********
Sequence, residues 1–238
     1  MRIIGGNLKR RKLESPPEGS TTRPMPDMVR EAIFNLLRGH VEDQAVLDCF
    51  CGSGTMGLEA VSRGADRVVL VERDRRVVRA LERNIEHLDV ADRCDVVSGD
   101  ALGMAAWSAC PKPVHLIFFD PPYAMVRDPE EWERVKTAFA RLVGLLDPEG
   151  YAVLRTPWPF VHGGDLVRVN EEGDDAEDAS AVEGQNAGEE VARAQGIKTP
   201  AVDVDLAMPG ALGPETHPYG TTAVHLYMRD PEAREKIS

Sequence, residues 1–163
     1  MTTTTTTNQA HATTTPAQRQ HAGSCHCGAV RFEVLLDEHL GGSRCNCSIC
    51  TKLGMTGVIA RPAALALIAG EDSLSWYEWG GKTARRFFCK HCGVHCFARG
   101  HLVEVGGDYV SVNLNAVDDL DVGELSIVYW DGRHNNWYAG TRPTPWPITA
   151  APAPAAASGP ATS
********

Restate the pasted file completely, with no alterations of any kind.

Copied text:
Sequence, residues 1–238
     1  MRIIGGNLKR RKLESPPEGS TTRPMPDMVR EAIFNLLRGH VEDQAVLDCF
    51  CGSGTMGLEA VSRGADRVVL VERDRRVVRA LERNIEHLDV ADRCDVVSGD
   101  ALGMAAWSAC PKPVHLIFFD PPYAMVRDPE EWERVKTAFA RLVGLLDPEG
   151  YAVLRTPWPF VHGGDLVRVN EEGDDAEDAS AVEGQNAGEE VARAQGIKTP
   201  AVDVDLAMPG ALGPETHPYG TTAVHLYMRD PEAREKIS

Sequence, residues 1–163
     1  MTTTTTTNQA HATTTPAQRQ HAGSCHCGAV RFEVLLDEHL GGSRCNCSIC
    51  TKLGMTGVIA RPAALALIAG EDSLSWYEWG GKTARRFFCK HCGVHCFARG
   101  HLVEVGGDYV SVNLNAVDDL DVGELSIVYW DGRHNNWYAG TRPTPWPITA
   151  APAPAAASGP ATS